Millions of people go to the polls on a day that will mark the November vote

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Voters in 15 states, including two titans, California and Texas, will go to the polls on March 5 for a Super Tuesday that will likely set a White House rematch in November between President Biden and former President Donald J. Trump.

The races will also determine the contours of House and Senate elections that will shape the legislative branch next year.

Here's what to watch as the results come in.

Haley, the former governor of South Carolina and Trump's first ambassador to the United Nations, won her first Republican primary on Sunday in the District of Columbia, and could win a few more on Tuesday. Moderate Republican senators from Maine, Susan Collins, and Alaska, Lisa Murkowski, endorsed her in recent days, just in time for her states' Super Tuesday contests.

Minnesota's open primary on Tuesday will allow Democrats to vote for Ms. Haley if they wish. And polls in Virginia showed her inching closer to Trump.

But the largest number of delegates (California has 169 and Texas 161) will almost certainly go to the former president, and Super Tuesday has loomed large for Haley's donors, who need to see that she has a chance. More than a third of all delegates will be allocated on Tuesday, not enough to make Trump the presumptive nominee, but enough to make him the prohibitive favorite.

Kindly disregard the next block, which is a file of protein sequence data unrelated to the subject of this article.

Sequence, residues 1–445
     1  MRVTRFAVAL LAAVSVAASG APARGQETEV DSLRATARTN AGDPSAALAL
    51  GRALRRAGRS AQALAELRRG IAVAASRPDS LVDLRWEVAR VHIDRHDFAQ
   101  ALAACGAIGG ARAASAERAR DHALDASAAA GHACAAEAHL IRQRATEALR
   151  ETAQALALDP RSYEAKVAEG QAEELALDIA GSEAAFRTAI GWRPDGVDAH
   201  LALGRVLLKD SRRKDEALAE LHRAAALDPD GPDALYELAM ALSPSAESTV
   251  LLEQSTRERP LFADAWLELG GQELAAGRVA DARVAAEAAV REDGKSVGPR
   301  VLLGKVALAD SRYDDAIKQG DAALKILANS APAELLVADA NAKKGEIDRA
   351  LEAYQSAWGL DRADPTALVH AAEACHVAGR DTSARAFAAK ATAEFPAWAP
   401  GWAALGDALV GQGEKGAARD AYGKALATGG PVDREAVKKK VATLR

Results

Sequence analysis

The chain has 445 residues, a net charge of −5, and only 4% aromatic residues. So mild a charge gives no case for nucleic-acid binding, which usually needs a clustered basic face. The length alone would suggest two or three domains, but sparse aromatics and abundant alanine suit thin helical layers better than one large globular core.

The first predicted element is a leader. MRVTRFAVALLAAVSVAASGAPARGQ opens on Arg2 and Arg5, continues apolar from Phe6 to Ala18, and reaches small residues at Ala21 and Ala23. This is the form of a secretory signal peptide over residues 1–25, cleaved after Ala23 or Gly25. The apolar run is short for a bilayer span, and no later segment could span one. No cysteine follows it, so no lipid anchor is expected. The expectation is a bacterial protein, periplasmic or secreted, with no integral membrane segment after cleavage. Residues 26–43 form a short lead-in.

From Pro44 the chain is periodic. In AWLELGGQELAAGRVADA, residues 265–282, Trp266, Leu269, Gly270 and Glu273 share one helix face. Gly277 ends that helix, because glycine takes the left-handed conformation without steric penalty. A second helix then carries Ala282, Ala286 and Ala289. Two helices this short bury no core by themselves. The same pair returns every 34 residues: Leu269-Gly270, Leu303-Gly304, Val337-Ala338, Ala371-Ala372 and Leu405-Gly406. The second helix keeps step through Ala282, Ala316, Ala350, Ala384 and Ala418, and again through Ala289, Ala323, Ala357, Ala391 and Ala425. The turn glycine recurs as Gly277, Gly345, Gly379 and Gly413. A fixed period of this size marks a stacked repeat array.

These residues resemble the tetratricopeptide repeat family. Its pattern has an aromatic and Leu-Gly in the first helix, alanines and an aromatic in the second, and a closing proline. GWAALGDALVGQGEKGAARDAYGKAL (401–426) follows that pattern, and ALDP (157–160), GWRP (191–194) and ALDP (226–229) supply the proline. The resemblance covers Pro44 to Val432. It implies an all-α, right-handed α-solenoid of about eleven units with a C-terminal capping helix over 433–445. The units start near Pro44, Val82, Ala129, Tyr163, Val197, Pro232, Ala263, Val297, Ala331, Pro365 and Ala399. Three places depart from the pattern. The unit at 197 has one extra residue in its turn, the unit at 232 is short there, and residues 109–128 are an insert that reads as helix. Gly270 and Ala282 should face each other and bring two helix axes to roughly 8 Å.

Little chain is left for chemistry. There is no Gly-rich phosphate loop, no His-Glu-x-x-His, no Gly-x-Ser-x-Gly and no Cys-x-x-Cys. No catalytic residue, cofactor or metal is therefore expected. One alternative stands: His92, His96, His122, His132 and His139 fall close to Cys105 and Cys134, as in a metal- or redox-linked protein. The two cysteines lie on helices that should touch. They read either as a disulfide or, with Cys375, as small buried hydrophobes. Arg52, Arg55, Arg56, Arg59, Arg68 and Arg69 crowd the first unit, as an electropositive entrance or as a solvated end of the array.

So Haley will face choices with enormous ramifications: Does she drop out and endorse Trump, drop out and postpone any endorsement, stay in the race until her money runs out, or consider running with a third party? (She has said she won't do it, but the centrist group No Labels remains hopeful that she will join her candidacy.)

The nation has seen two responses to the victory of the former president and favorite for a third Republican nomination. After winning the New Hampshire primary in January, Trump mocked Haley's outfit and criticized her for trying to make the most of her 43 percent second-place finish. After her victory in Haley's home state of South Carolina last month, he didn't mention her.

Trump has made no secret of his desire to begin the general election campaign against Biden, and his frustration with Haley's stubborn insurgency, which has included harsh words against intemperance, age, loyalty to the Constitution and the loyalty of his former boss. loyalty to veterans and active duty service members.

A big night is expected for Trump. If he lashes out at a defeated fellow Republican, he risks further alienating some of his voters from him and potentially moving them toward Biden.

If anything, Biden faces even bigger problems reuniting the coalition of voters that brought him victory in 2020, but unlike the Republican Party, the Democratic discord Tuesday night will not manifest itself in votes for an alternative candidate. It may be reflected in the “uncommitted” votes.